President Abdel Fattah el-Sisi has expanded a brutal, internationally-condemned crackdown on dissent and purported terror threats.
In the months after Hosni Mubarak stepped down as president it seemed as though some invisible force was trying to turn what had been a peaceful revolution into a deeply divided and violent one. There were riots, assassinations and acts of arson; all committed by unknown perpetrators.
On the night of January 28 - or "Angry Friday" as it became known - mobs of bullies began to circle the protesters gathered at Tahrir Square. On each side of the Square, small groups of 10 to 15 started charging at the demonstrators. It was a test; a way of assessing how those inside the Square would react.
It sometimes seems as though the older generations of Egyptians, those who have lived for decades under a dictator, have forgotten what freedom tastes like and failed to fight for it. But I will always remember that 11-year-old boy whose dream for the future was simply that he would be free. There are many more like him. And they will have their way.
I wanted to stretch my arms into the clouds and pull the moon closer; perhaps its light would expose the perpetrators, stopping them from committing the crime they were plotting.
On the fifth memoir of the revolution, young actor Ahmed Malek, and satirist and correspondent at an Egyptian local TV show, Shady Abu Zaid, hit the street with condom balloons as a sarcastic gratitude way to the police on the national holiday of Police Day in Egypt.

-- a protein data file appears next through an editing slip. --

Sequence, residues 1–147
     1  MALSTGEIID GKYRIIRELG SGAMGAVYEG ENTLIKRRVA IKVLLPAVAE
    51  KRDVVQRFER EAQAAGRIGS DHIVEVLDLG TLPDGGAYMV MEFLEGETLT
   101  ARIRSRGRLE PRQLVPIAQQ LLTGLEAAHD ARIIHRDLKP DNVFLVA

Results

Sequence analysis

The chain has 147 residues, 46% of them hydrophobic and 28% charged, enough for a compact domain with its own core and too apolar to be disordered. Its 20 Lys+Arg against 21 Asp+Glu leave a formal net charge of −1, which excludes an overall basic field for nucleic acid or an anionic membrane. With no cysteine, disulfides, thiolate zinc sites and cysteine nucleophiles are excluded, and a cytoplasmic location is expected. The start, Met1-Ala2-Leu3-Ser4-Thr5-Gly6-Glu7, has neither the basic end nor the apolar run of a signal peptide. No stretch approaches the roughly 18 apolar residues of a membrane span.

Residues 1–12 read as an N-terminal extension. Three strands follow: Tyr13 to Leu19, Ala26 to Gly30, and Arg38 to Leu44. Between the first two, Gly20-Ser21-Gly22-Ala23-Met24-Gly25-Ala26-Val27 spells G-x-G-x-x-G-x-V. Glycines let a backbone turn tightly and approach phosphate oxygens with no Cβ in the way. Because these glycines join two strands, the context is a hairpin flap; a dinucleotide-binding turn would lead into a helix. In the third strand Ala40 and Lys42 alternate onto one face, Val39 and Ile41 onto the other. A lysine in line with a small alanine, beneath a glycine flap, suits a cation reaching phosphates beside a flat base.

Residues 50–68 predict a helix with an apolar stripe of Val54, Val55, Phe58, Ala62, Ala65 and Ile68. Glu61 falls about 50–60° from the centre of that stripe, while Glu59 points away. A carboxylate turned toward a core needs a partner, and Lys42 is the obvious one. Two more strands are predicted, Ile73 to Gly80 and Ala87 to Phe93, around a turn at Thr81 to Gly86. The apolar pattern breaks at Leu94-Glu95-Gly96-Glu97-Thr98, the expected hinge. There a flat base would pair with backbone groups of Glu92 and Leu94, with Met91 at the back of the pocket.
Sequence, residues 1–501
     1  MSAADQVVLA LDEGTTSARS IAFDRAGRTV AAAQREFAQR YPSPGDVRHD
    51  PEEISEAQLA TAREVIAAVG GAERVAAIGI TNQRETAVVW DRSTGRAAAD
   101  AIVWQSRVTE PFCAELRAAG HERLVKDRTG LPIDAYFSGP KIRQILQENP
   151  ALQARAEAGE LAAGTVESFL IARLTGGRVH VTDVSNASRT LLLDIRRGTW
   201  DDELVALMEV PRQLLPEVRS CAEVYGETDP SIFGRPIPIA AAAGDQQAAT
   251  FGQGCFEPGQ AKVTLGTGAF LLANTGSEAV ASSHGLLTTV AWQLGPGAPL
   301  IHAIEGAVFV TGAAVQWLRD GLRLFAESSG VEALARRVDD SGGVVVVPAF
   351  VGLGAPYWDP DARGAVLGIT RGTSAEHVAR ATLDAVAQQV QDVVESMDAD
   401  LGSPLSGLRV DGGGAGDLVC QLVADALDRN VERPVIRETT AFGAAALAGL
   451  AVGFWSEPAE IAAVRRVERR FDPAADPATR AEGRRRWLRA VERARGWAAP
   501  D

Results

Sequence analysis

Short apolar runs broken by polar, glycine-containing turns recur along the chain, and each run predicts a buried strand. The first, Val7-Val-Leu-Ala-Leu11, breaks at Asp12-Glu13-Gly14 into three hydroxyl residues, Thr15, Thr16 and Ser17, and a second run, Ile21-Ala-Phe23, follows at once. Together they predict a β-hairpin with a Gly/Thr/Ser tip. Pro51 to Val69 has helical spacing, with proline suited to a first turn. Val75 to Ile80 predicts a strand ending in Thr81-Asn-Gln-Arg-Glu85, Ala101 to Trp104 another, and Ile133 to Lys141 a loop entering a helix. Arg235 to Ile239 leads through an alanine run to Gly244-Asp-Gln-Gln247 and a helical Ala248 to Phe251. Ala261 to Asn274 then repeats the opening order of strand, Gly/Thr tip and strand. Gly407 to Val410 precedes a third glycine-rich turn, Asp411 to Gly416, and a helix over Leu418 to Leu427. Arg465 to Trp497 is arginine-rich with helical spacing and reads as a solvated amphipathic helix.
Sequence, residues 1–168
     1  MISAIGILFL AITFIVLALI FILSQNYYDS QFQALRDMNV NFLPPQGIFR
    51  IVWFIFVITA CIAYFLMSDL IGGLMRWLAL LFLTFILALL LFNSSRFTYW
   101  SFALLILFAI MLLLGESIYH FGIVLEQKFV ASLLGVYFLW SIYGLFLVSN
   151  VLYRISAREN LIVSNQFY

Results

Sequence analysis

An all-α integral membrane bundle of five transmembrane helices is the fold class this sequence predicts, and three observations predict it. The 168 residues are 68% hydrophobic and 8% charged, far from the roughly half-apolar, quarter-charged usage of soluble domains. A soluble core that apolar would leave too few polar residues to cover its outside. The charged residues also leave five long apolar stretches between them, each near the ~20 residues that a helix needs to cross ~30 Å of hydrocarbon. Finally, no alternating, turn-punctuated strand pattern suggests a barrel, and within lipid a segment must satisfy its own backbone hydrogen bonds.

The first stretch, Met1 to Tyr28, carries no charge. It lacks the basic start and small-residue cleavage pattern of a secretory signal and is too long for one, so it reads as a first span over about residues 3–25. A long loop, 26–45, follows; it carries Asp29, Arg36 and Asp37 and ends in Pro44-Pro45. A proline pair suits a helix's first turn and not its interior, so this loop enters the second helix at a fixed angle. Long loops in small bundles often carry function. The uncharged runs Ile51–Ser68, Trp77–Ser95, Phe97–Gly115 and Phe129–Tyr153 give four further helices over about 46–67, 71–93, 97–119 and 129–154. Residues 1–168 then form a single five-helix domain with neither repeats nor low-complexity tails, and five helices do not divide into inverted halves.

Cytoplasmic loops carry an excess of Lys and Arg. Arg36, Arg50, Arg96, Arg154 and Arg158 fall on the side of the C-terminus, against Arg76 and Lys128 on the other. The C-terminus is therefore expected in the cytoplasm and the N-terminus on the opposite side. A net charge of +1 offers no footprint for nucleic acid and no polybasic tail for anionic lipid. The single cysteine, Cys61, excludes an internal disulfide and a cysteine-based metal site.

Khaled Fahmy shares his memories of Egypt's uprising, five years after Tahrir.
Sisi's state is franticly trying to suppress a movement it claims to have already suppressed. As Egypt's central security chief declared they "will not allow another revolution," the hashtag "the people demand the downfall of the regime" quietly became the top trending topic in the Arab Twittersphere.
A funereal atmosphere descended over western capitals with the announcement of Turkey's parliamentary elections' results, widely described in European and American media as a "shock" and a "black day for Turkey." The picture painted appeared very bleak, as a stream of reports, editorials and op-eds by opposition figures warned of a "return to autocracy and despotism" and declared the outcome as a threat to the "survival of democracy" in the country.
Egypt looks nothing like the promised heaven of stability and cohesiveness. Scores of Egyptians have been murdered by an ever more rampant police, sentenced to death in kangaroo courts, or jailed in the most inhumane conditions where torture is routine. Dissent is not tolerated, with the media and the press reduced to the role of state propagandists singing the General's praises and parroting his words.
Certainly, the U.S. can and should lead the way in promoting free speech across the world. But when it comes to promoting a free press and protecting the media in transitional states, perhaps the world would be better off following the lead of countries like Ghana.
"You never change things by fighting the existing reality," author and inventor Richard Buckminster Fuller famously said. "To change something, build a new model that makes the existing model obsolete."
Criticism this week by soccer player Ahmed al-Merghani of general-turned-president Abdel Fattah Al Sisi's hard-handed repression of dissent and failure to defeat a mushrooming insurgency in the Sinai peninsula signals mounting discontent in Egypt.